Tuesday, October 14, 2008

Fat and Debt

Being fat and being in debt are two of the biggest challenges people face, this is especially true in the United States. Are they the same thing? Yes and no but it is safe to say that in many ways they are related. Just as people are eating to much we are spending to much and this is representative of our societies model of mass consumption. This pattern of consuming in large quantities and thus typically consuming more than what we need is the main issue and in turn leads to major challenges.

Both of these issues can be resolved with a more conscious and active approach to living. What do I mean? If we actually took the time to consciously enjoy what we consume, think about what we, ask if we 'really' need what we think we need, thereby taking an active role in our daily actions we would increase our awareness of what we are doing and possibly change some of our behaviors.

We are taught at a young age in today's modern society that more is better i.e. if you work more, you make more which means you can have a bigger house, a fancier car, wear higher quality, more expensive clothes, buy a bigger ring with more carats, etc. We see at the grocery stores and other stores that sell various merchandise and goods a multitude of choices, options, brands, and types (i.e. low fat, non fat, low carb, high protein), of food and other items.

The fundamental challenge with all these choices and the mass consumption approach is that people (and the reasons are many but lets just leave it be for now) are getting more of the type of things that lead to more fat and great health risks as well as more in debt. A small price to pay right? Heck no in my opinion.

Some ways to beat fat and debt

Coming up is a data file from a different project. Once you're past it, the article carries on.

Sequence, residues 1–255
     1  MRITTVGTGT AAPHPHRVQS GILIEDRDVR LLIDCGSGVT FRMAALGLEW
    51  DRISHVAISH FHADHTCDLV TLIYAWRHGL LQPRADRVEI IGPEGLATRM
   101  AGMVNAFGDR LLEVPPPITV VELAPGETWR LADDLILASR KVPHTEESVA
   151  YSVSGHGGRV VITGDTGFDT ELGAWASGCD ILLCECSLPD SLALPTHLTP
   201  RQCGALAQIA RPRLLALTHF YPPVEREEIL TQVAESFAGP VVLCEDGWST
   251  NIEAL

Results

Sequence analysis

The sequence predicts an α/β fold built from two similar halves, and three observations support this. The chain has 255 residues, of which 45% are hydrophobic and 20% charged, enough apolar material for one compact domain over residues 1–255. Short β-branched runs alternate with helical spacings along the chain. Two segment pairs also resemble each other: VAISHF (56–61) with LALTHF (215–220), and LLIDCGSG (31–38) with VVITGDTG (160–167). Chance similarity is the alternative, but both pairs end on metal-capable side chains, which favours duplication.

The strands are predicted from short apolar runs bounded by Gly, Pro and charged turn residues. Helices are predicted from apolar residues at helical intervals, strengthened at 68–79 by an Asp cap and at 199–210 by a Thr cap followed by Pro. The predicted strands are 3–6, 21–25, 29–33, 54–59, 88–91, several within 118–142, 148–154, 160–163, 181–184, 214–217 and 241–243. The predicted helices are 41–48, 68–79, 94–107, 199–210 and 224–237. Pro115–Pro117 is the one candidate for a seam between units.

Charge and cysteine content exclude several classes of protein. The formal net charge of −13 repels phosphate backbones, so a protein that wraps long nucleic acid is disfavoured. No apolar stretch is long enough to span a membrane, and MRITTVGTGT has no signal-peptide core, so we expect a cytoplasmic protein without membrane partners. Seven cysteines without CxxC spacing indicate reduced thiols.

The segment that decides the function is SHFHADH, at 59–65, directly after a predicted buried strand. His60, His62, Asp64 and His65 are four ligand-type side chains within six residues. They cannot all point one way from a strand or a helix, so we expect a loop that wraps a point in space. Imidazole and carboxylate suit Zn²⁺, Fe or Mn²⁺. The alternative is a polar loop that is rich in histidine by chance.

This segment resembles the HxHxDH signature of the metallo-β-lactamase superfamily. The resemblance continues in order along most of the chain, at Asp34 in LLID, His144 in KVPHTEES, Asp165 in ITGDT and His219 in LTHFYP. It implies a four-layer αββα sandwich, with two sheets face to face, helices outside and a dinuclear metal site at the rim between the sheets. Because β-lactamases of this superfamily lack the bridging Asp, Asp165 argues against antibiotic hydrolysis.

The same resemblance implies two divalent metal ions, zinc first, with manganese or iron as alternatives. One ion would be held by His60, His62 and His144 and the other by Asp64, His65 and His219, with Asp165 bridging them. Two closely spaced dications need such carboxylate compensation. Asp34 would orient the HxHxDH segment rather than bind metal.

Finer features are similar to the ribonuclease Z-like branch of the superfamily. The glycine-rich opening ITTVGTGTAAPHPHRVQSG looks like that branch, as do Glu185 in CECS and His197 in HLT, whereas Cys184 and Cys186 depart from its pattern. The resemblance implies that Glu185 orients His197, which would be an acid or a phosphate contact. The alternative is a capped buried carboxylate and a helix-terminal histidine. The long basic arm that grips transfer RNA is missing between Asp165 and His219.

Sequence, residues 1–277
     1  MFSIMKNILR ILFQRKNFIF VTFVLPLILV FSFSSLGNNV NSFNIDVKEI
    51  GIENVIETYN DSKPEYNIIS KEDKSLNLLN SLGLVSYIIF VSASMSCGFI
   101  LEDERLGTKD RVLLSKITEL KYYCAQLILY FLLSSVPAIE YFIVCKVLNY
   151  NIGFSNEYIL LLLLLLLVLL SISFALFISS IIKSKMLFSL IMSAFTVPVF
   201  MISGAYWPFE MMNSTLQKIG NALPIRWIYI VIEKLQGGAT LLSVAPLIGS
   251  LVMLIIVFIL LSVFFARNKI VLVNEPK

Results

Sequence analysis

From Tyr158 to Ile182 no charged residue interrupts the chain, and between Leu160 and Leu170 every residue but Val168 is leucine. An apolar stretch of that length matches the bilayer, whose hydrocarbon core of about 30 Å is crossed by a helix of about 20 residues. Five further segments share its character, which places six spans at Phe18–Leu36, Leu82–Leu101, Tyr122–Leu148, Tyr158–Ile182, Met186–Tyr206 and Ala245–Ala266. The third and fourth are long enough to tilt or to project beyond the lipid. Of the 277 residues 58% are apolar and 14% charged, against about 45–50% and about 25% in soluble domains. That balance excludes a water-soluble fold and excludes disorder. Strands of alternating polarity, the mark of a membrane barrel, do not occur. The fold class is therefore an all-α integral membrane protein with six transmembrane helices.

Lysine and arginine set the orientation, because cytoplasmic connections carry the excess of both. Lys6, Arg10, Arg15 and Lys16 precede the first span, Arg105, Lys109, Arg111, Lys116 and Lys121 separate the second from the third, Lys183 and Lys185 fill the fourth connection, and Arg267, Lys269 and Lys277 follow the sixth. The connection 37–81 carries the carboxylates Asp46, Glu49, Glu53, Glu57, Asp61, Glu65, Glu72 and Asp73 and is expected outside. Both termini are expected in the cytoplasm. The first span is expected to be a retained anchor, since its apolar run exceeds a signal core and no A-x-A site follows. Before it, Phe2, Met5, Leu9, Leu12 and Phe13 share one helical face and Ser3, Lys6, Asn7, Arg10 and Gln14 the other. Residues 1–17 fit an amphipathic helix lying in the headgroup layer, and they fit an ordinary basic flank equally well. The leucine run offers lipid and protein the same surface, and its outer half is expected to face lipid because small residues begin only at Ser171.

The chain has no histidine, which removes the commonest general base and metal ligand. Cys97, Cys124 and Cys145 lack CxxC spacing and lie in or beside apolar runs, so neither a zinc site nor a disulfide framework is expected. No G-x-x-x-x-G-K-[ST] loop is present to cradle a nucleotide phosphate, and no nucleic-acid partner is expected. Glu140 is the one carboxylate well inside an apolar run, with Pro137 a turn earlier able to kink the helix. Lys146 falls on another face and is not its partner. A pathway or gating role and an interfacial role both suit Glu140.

*eat only what you need
*eat less by getting more out of high quality food sources like veggies, fruits, healthy fats (avocado, olive oil, nuts, etc.) and clean/lean protein sources (white fishes like halibut, swordfish and tuna; salmon; chicken; lean beef)
*Do not stock up, place a minimal amount of food and limited condiments in the refrigerator and cupboards, again only what you need.
*drink water
*exercise and move your body in other ways (walk to the store, clean the house, garden, etc.)

*determine what you owe
*make a plan to pay off what you already owe
*determine what bills are required for basic living (rent; car; gas; food; health insurance; phone; etc.)
*make paying those bills a first priority
*save and invest a part or portion of your income (do so every paycheck)
*set aside a small portion of money to enjoy yourself (after paying the bills and savings/investment)
*only buy what you need
*reevaluate how you spend
*make it a point to pay off the 'other' bills
*if you have bills accruing interest pay off well above the minimum, at least double and make sure you pay off the highest interest cards first.
*Call your credit companies and renegotiate your interest rates.
*read the fine print on your bills and look for those hidden charges...analyze your bills
*Make a budget and make a plan

Keep in mind that prices are increasing for many things and it is obvious at the pump, it is happening at the grocery store (4% increase last year and another 4% increase expected this year), basic services are increasing. On the flip side incomes and salaries are not increasing at the same rate as costs of living. Just look around and you can see that this phenomenon is real and if you are not aware and not conscious of how, what and where you are spending and putting your money you could end up spending more than you planned and therefore placing yourself into debt or even deeper in debt and thus have a negative effect on your 'retirement', etc.